This is represented in the network diagram in Figure 11; the keywords shown in yellow are indicative of recent publications, as depicted in the bar at the bottom right of the figure. Some of the keywords in current studies are shown in Table 4. The BIM diffusion research in developing countries is still grappling with the barriers to BIM adoption research. This is considered to give credence to the beginner status and the fact that BIM adoption is still a great challenge in developing countries. Currently, the research in developed countries is about exploring higher dimensions of BIM and its application in relatively new areas, among others. It can thus be said that developing countries are far behind regarding BIM adoption and research. It is worth noting, however, that the seamless integration of BIM with other emerging technologies is an area of focus, although it is still at its nascent stage. The case study research approach is also observed to be in use, although few studies have focused on it. Generally, the present research focus is a pointer that developing countries are improving strongly on the BIM diffusion research area. This is quite heart-warming because of the rave of megaprojects and smart city developments on the rise in developing countries. For instance, on the African continent, countries like South Africa, Kenya, Ghana, and Nigeria have all embarked on smart city projects.

7. Future Trends

The future outlook of BIM diffusion in developing countries is identified from the current research trend; they are the areas presently given less attention by researchers. They are still developing and deserve more attention from researchers. Hence, BIM diffusion research projects in developing countries are expected to pay more attention to the implementation of BIM among project stakeholders. Also, the use of BIM as it affects supply chain management is an area that requires more attention. Other areas for future research attention and focuses in relation to BIM include sustainability, smart city, structural analysis, accident prevention, data mining, the roadmap to BIM adoption, laser applications, quality control, design improvement and energy management.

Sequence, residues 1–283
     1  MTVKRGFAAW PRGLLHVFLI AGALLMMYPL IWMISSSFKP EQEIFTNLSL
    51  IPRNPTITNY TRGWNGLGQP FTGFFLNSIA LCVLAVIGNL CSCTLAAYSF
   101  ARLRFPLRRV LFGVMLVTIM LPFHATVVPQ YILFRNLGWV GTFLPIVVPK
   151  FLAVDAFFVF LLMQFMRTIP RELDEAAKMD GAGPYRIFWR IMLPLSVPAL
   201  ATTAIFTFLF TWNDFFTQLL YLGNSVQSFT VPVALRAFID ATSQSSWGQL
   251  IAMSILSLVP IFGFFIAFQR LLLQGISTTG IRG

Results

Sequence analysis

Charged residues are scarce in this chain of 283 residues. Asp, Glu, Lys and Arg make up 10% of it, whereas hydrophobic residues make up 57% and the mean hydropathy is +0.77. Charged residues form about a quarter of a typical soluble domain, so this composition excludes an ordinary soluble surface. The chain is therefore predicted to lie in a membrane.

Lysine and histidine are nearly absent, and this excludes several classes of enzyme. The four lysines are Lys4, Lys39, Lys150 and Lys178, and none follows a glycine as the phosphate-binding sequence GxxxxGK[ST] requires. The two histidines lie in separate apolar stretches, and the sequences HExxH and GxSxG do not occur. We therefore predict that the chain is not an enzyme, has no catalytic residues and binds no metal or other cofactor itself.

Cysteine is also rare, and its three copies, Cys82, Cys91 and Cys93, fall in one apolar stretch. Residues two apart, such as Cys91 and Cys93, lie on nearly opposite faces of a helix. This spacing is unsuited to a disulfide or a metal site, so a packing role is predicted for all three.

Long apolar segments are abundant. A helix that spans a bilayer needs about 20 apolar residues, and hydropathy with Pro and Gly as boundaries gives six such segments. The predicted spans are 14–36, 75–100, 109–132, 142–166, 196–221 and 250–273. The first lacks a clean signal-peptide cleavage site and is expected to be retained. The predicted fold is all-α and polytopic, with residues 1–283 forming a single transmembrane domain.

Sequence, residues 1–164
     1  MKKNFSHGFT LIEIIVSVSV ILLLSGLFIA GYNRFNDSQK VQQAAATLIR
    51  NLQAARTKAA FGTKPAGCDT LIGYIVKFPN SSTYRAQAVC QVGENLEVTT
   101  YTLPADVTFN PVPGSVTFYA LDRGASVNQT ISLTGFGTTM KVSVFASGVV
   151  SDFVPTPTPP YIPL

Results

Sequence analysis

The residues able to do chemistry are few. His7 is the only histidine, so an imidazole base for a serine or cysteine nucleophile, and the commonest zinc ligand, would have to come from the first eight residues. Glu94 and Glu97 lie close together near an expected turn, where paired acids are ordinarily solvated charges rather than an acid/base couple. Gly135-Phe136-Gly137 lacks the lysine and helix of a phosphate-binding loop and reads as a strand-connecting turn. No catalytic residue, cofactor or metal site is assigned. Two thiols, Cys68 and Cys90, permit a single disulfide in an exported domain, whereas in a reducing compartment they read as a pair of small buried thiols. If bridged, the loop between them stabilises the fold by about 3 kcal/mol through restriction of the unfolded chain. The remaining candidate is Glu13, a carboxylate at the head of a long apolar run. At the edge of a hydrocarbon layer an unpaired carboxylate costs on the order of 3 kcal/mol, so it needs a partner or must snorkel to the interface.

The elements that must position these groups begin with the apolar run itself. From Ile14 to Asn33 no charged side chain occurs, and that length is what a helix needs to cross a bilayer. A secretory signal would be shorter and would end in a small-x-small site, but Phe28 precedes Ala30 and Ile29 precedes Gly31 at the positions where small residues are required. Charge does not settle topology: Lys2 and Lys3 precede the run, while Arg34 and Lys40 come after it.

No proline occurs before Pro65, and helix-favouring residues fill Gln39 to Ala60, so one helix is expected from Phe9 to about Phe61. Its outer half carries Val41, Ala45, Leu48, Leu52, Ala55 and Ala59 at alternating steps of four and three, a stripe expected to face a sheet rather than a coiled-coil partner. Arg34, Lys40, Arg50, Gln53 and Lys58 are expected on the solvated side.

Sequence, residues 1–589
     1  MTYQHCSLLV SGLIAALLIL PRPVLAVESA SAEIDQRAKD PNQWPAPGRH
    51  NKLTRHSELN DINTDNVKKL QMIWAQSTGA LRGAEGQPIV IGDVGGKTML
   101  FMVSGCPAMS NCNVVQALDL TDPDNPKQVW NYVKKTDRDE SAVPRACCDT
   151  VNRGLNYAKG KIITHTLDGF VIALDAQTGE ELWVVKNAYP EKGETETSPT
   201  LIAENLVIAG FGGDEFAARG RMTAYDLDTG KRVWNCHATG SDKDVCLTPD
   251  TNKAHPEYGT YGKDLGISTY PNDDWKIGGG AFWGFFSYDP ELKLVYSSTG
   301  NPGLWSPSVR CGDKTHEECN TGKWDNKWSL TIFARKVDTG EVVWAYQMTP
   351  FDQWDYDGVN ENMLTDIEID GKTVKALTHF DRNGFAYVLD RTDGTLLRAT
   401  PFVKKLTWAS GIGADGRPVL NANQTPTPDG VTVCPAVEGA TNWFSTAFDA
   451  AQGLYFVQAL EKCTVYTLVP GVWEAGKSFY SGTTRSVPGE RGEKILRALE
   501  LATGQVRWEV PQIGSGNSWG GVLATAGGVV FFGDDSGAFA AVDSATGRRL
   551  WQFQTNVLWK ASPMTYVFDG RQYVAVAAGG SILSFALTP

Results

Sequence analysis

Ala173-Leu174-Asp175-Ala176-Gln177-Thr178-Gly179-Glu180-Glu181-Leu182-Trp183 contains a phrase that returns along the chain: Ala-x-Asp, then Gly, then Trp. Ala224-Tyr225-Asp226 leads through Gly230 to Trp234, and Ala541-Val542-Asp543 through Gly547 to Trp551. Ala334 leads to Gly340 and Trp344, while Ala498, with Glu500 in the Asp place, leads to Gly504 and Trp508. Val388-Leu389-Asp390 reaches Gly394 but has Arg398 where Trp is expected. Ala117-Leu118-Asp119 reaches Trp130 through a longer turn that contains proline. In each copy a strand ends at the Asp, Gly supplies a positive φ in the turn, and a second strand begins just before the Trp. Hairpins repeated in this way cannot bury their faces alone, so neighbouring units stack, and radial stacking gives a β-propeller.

8. Conclusions

This study adopted a user meta-model to map out the BIM research trends and focuses in developing countries (India, Kenya, Malaysia, Chile, Jordan, Brazil, Taiwan Province of China, Mexico, Pakistan, Thailand, Turkey, Egypt, Nigeria, South Africa, Ghana, Tunisia, Morocco, Algeria, Cameroon, Central African Republic, Ivory Coast, Ethiopia, Libya, Malawi, Mozambique, Sudan, Trinidad and Tobago, and Zambia). This was achieved through a quantitative review and a scientometric analysis of 884 literature data retrieved from the Scopus database. The retrieved data were analysed through different visualisations using VOS viewer to gain insights into the BIM research space in developing countries. The study established the influential researchers and mapped the knowledge domains in the BIM research space in developing countries. It was observed that BIM research in developing countries had increased significantly and progressively over the last 5 years.
Among other findings, the study observed the lack of collaboration among researchers; they are observed to be working in silos. In contrast, achieving BIM adoption and making the required leap requires a concerted and collaborative effort by researchers. Furthermore, the study observed that productivity does not equate to the influence of researchers. The researchers with the most research outputs do not automatically command the greatest or a commensurate number of citations.